A. Blackborne & Company was the trade name of father Anthony (1824-1878) and son Arthur Blackborne (1856-1952), lace dealers. They began work around 1850 and operated their business from 35 South Audley Street, London (UK), near the fashionable shopping areas of Bond Street and Oxford Street. They held a Royal Warrant from 1863 to 1912 from Alexandra, Princess of Wales and later the Queen.

The Atelier Stadelmaier, Nijmegen (the Netherlands), was set up in 1930 and eventually became one of the world's largest producers of liturgical clothing. It closed down in 2010. The company was set up by Arthur Stadelmaier (born in Germany; 1901-1981) and his wife, Magdalena Stadelmaier-Glässner (Poland; 1906-1989), who came to Nijmegen in the 1920's.

The British Museum in London houses a trade card for the French firm of Chomel & Co., dating to the period 1760-1818.  The text reads: "Chomel et Compagnie, tiennent magazin de modes, broderies et fabrique des fleurs à Paris." The print itself says: "A l'union des arts, Rue Neuve St. Eustache."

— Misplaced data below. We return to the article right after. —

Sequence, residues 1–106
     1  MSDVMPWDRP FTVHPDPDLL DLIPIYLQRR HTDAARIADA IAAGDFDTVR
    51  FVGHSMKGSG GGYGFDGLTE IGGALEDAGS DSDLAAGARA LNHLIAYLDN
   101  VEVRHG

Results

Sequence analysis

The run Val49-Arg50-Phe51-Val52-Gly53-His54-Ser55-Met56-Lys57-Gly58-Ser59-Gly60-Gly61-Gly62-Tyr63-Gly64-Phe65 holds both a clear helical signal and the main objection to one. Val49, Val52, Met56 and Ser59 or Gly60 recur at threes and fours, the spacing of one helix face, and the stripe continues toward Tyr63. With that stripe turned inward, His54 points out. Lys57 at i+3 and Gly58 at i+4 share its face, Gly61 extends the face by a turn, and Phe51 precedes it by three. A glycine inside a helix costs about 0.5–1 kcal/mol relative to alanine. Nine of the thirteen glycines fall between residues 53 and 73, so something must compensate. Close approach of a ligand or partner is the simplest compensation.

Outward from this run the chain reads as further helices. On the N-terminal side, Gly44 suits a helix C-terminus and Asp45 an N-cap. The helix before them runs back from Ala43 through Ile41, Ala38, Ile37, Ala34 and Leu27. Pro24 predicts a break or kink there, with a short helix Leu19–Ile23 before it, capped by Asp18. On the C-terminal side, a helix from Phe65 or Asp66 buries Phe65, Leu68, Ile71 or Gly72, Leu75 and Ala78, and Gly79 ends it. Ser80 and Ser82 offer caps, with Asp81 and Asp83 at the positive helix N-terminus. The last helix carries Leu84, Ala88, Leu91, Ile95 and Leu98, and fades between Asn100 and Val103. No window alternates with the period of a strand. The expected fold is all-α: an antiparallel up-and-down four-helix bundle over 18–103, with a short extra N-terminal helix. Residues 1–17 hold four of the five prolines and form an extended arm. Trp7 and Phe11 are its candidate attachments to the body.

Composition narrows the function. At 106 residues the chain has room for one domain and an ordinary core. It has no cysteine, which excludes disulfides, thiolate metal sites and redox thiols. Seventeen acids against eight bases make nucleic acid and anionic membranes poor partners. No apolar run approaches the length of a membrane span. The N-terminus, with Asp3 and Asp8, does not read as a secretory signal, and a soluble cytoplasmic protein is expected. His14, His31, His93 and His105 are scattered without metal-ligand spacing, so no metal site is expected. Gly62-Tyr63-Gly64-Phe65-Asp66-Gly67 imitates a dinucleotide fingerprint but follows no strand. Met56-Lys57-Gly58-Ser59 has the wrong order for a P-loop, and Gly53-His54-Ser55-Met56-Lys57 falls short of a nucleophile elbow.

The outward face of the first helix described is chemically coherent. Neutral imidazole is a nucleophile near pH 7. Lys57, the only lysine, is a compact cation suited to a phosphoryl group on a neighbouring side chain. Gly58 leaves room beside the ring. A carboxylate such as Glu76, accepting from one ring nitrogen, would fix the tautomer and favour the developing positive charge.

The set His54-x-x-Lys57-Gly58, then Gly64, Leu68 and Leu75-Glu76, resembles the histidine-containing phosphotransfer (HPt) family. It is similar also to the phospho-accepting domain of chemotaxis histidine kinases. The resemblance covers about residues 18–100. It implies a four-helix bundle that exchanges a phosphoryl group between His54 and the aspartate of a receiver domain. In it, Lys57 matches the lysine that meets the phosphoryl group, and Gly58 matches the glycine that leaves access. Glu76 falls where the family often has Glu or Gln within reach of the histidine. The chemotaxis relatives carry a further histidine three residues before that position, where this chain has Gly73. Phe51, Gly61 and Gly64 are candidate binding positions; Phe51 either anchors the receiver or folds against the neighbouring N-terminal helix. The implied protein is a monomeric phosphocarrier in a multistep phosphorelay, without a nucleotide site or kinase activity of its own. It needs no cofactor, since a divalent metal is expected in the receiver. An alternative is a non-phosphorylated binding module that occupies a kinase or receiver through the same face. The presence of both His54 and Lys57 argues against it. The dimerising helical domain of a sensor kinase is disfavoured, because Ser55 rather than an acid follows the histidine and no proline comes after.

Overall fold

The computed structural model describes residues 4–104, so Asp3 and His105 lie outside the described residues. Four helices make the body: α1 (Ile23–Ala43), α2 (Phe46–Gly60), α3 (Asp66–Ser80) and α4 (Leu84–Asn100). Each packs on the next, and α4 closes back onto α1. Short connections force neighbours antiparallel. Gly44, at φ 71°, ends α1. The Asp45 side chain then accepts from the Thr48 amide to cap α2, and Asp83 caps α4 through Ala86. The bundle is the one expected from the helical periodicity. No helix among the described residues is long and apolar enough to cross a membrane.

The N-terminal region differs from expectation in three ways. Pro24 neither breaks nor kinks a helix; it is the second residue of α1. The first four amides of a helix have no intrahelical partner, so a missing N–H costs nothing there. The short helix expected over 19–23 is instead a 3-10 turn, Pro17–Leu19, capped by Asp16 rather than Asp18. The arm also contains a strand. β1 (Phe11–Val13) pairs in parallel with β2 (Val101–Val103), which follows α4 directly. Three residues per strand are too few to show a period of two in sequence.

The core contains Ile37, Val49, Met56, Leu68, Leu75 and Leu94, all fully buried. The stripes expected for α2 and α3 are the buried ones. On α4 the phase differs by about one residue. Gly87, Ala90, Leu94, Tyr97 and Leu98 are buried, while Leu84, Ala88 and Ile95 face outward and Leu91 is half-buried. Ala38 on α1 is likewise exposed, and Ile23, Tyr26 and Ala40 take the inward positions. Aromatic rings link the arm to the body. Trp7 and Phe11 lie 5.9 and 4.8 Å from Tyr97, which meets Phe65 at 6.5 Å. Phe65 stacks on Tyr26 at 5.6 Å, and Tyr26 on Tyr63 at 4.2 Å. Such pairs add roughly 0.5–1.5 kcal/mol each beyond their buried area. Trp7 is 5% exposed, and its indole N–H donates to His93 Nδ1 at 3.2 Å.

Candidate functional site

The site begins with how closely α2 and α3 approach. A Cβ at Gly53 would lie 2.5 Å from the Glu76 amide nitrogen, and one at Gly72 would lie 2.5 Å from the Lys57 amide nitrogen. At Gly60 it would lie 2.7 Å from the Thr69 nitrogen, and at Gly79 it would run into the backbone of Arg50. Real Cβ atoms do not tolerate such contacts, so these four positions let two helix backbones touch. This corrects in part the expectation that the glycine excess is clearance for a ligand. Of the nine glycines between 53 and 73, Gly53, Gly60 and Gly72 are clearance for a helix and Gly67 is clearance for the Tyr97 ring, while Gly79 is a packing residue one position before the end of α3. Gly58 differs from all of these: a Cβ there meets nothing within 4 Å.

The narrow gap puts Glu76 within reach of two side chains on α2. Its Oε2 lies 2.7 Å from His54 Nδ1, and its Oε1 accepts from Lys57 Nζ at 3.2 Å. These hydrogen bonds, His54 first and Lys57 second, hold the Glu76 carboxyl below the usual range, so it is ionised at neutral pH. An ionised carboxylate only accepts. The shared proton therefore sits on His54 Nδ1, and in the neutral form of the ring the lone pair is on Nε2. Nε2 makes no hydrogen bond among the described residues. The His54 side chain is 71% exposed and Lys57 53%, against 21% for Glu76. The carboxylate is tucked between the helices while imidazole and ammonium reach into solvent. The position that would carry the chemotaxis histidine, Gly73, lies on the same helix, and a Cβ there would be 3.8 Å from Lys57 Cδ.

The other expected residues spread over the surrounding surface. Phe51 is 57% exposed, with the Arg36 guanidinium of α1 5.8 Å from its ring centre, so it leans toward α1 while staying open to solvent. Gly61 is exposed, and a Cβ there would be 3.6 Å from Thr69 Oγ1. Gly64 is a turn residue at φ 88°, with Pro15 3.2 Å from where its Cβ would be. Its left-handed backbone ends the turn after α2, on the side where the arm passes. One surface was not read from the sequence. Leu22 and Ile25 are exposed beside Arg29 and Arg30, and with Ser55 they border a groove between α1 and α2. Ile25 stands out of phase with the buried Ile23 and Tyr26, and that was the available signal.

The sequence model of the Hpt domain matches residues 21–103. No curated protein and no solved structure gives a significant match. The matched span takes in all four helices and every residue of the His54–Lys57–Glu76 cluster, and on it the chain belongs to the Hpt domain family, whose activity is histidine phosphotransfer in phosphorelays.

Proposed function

The Clark Thread Company was originally a Scottish firm that manufactured embroidery and sewing threads for many years. The company was established in the 1750's by two brothers, James and Patrick Clark. The story of this company is complicated, as it involves British as well as North American based companies run by various members of the Clark family.

J. & P. Coats is an originally Scottish fine-thread company that was founded by a weaver called James Coats (1774-1857) and his brother Patrick, in Paisley, near Glasgow. The story of Coats is complicated, as it involves British as well as North American based companies, run by various members of the Coats family. It was also closely involved in the activities of the rival Scottish company of Clark.

DMC (Dollfus-Mieg et Compagnie) is a French firm that was set up in the mid-eighteenth century by Jean-Henri Dollfus, Jean-Jacques Schmalzer and Samuel Koechlin. The three partners established a company known as Dollfus, based in Mulhouse, France. The company produced textiles with hand printed, Indian-style designs for the European market.